2016’s Teen Simulator of the Year:

Oxenfree

Ah, teens. It’s odd to think that, a mere four months from now, I will no longer be able to count myself among their number. Fortunately, games like Oxenfree allow me to simulate what it’s like to be a teen. Running off to an island with people I barely know, experiencing weird temporal anomalies, being stalked by some inter-dimensional creature. You know, the classic teen experience. In all seriousness, Oxenfree was easily one of the best games I played this year. It told an engaging story, packed with relatable, well-written characters. Sure, my experience was marred by a few technical issues, but the fact that it’s made my list anyways speaks to the remarkable storytelling chops of the team that made it.

2016’s “I like platformers and this one is pretty cool” Award:

Selma and the Wisp

I feel like the name of this category says it all. I do truly love platformers, and I think Selma and the Wisp was the best paltformer I played this year, and by a lot. Unless you count Inside as a platformer, I guess. Anyways, in Selma and the Wisp you control a wisp of light guiding Selma through a multitude of different scenarios. At its core, the game is essentially about resource management. Selma and the Wisp each have their own health bars, and you can’t get too far away from Selma, as she will die of fear without the Wisp. And yet, there are puzzles that require you to leave Selma behind. The result is a game that has lots of platforming DNA, but doesn’t feel like a conventional platformer. It’s a lot of fun, and the puzzles are all super well designed.

2016’s “I only played this game once but had more fun with it than most other games I played this year” Award:

Overcooked!

In my defense, the one play session of Overcooked! I played was pretty long. And ever since then, I’ve longed to play more of the game, and hopefully the new year will bring more time spent on Skype playing Overcooked! with friends. It’s kind of a tough game to describe, but it boils down to being a cooking simulator in a variety of locales, each with its own twist. It’s over the top and super ridiculous, but that’s part of the game’s fun. And sure, maybe Overcooked! made this list because of the experience I had playing it with friends, but then again, that’s the point.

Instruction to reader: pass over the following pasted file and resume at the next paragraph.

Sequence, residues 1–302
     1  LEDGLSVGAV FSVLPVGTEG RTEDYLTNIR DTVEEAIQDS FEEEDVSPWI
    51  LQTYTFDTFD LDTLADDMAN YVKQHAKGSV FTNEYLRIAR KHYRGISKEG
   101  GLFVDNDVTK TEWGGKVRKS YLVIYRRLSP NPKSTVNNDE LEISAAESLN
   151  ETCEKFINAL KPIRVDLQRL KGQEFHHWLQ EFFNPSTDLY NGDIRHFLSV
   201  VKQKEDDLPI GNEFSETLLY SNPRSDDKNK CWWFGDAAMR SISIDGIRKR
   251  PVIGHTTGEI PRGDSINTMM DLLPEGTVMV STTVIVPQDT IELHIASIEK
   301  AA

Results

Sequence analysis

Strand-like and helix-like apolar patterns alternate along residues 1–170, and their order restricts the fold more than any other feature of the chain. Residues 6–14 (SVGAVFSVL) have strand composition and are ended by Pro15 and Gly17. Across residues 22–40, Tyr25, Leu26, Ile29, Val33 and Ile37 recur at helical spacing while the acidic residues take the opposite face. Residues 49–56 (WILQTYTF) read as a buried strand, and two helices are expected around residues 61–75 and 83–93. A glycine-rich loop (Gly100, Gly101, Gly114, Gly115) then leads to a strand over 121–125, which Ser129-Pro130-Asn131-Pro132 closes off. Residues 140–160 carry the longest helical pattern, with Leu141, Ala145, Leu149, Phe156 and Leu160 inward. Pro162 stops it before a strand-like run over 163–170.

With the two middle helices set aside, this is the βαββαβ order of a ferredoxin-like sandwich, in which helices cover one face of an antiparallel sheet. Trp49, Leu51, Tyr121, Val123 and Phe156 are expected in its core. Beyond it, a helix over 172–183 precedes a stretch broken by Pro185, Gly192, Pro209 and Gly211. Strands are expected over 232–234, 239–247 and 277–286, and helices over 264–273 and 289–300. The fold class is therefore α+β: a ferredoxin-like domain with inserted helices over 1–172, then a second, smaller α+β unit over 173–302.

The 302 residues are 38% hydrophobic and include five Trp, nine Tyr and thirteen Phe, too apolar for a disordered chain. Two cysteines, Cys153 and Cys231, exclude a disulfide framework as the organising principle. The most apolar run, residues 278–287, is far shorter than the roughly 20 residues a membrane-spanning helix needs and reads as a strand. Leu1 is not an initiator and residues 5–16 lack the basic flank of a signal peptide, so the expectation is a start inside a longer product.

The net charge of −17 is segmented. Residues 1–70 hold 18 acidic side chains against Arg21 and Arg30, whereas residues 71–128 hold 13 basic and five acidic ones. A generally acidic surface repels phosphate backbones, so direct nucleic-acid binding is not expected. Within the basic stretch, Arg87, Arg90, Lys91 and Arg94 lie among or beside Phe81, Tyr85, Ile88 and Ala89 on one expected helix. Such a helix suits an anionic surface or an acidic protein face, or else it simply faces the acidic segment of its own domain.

2016’s Nostalgia Trip of the Year:

Lego Star Wars: the Force Awakens

I almost awarded Lego Star Wars: The Force Awakens 2016’s Lego Game of the Year. Oddly enough, however, I realized that it was the only Lego game I played in 2016, and I’m not even sure there was another one. And that explains why it’s on this list. Despite the core formula of the Lego games being enjoyable enough, I was feeling pretty burned out on them after the first Marvel game, and so I stepped back for a bit. Force Awakens provided the perfect re-entry point–not only is it a Star Wars game, but it feels fresh. Sure, gameplay is relatively similar to previous installments, but I was not expecting it to turn into a cover shooter at any point. It’s a sweet mix of genres that retains Lego’s playful sense of humor, and hence it earns its spot on the list.


About the Author

Jean-Luc Botbyl

Jean-Luc is a grizzled veteran of We the Nerdy. Most days, he just wonders why he hasn't been formally fired. Follow him on Twitter at @J_LFett to make him feel validated.